Fuse Classical Music Review: A Far Cry Goes A Long Way
A Far Cry’s youthful exuberance is no doubt one of the most important keys to its egalitarian vision, but a good share of the credit is due to intelligence, vision, and carefully-honed and finely-tuned musicianship.
A Far Cry. At Jordan Hall, New England Conservatory, Boston, MA, September 23.
By Richard Bunbury.
A Far Cry string orchestra is an airtight ensemble whose mastery of a broad spectrum of dynamics and timbres not only generates an exciting musical experience but makes a strong case for dispensing with the traditional, baton-wielding leader. A chorus of unified voices and bodies, the group creates a performance synergy that works on a visceral level. Their bodies, bowing and breathing, moved in unison like a corps of dancers or trees surging in the wind, reflecting the undulating shapes of the music’s phrases.
Also, the program at Jordan Hall was brilliantly conceived with each work opening a conceptual path for the succeeding piece, though there were bumps along the road. “Divisions” was the unifying theme of the evening, introduced in the program via a rather corny metaphor: “This is your shovel. The music is your earth. Dig in.” The idea only mucks up the clean and sharp notion established with “Divisions.” And there was a 15-minute delay before the start of the concert, followed by frantic and understaffed set-ups between pieces. Looking ahead to the rest of their season, A Far Cry has chosen one-word monikers for other programs as well: “Memories,” “Heartbeats,” and “Echoes.” My advice is to let the concept and the music do its work.
The static, straight-toned harmonies of Arvo Pärt’s Fratres opened the program as well as the mind of the listener. The composer’s minimalist style, which he himself calls “tintinabulum,” is largely inspired by medieval Christian and Eastern mysticism and overlapping cyclic notions of time. A clave and bass drum pattern sparsely introduces the work and continues to set apart what are essentially a set of variations on the strings; the variations sit atop a persistent, double bass drone throughout. What set this performance apart from recorded versions, and is clearly a hallmark of this orchestra, was its tremendous dynamic range, which arches from the soft and small to the bold and vigorous.
Ralph Vaughn Williams’s Fantasia on a theme by Thomas Tallis broke the unanimity of the Pärt. It’s concerto, grosso-like construction of double orchestra and soloists furthered the thematic concept of “Divisions.” The orchestra evoked a warm sound perfectly suited to the composer’s English, Romantic harmonic language and continued its sparing use of vibrato. The players went about performing the piece without sacrificing the slightest bit of sonic richness.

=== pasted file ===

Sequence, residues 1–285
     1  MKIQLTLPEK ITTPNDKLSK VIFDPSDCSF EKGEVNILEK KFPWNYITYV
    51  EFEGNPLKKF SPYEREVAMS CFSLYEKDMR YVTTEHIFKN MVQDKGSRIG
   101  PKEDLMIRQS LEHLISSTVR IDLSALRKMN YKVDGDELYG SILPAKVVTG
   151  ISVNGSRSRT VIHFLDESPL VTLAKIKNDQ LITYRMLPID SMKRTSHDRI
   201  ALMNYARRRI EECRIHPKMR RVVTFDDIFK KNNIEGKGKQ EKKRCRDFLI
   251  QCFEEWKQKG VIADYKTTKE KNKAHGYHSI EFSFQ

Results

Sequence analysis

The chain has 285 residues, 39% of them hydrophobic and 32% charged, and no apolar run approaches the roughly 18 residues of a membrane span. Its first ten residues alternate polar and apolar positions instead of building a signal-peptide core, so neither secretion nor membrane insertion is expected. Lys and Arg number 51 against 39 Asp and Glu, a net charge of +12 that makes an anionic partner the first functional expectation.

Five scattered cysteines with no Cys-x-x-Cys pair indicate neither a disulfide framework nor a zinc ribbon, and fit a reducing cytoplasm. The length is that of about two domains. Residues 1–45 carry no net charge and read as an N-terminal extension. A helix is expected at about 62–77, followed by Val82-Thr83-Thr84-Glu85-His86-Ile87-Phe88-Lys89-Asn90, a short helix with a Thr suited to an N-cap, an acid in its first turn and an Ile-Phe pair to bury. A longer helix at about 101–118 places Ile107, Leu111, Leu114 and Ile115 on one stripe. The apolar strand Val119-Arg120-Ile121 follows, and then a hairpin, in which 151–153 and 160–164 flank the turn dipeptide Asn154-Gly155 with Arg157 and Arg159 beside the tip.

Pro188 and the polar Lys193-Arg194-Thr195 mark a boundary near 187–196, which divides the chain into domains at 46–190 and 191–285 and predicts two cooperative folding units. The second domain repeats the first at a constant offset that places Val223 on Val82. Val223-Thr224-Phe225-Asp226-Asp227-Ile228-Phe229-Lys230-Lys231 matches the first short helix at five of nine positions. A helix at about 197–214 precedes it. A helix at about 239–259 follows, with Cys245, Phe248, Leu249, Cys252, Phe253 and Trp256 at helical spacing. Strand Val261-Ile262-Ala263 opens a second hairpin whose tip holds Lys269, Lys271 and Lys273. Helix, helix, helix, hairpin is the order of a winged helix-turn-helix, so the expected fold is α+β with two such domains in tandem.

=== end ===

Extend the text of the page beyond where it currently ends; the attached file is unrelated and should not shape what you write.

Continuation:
Now dividing into a smaller ensemble, A Far Cry proved with “Criers” that the industrial strength of Steve Reich’s Triple Quartet was not too difficult to master. Its incessant hammering in complex polyrhythms require a very different kind of precision than what’s demanded (and was demonstrated) in the two previous works. The middle movement offers some relief, by contrasting several melodic fragments, before returning to a deliberate frenzy in the third. It felt like an alternative rock concert with strings.
What could possibly follow the first half of the concert? Why, Bach and Beethoven, of course. And not only that, but the last “Contrapunctus” of the Art of the Fugue, a piece that, loosely speaking, Bach died before he could complete. And not only that, but the “Criers” continued with hardly a breath into Beethoven’s Grosse Fugue. The orchestra, joined by younger prep students in this segment, took us from Bach’s carefully worked out statement of proportion and logic to Beethoven’s world of fragmentation and juxtaposition of logic and raw emotion. Divisions were laid upon divisions and fugue upon fugue. I was left exhilarated by the concept and execution. This is the way good programing should proceed, not just a neat balance of pieces of various lengths, styles, and historical periods.
I had come to hear for myself what all the critical noise is about, to see and hear what is unique about this conductorless string orchestra. After all, the Orpheus Chamber Orchestra has been performing without a conductor for nearly 40 years. A Far Cry’s web site asserts that the group is “self conducted and cooperatively directed.” You had better believe it—democracy is coming of age in the classical music world, for medium and large ensembles, and A Far Cry is among those leading the way. The group’s youthful exuberance is no doubt one of the most important keys to its egalitarian vision, but a good share of the credit is due to intelligence, vision, and carefully-honed and finely-tuned musicianship.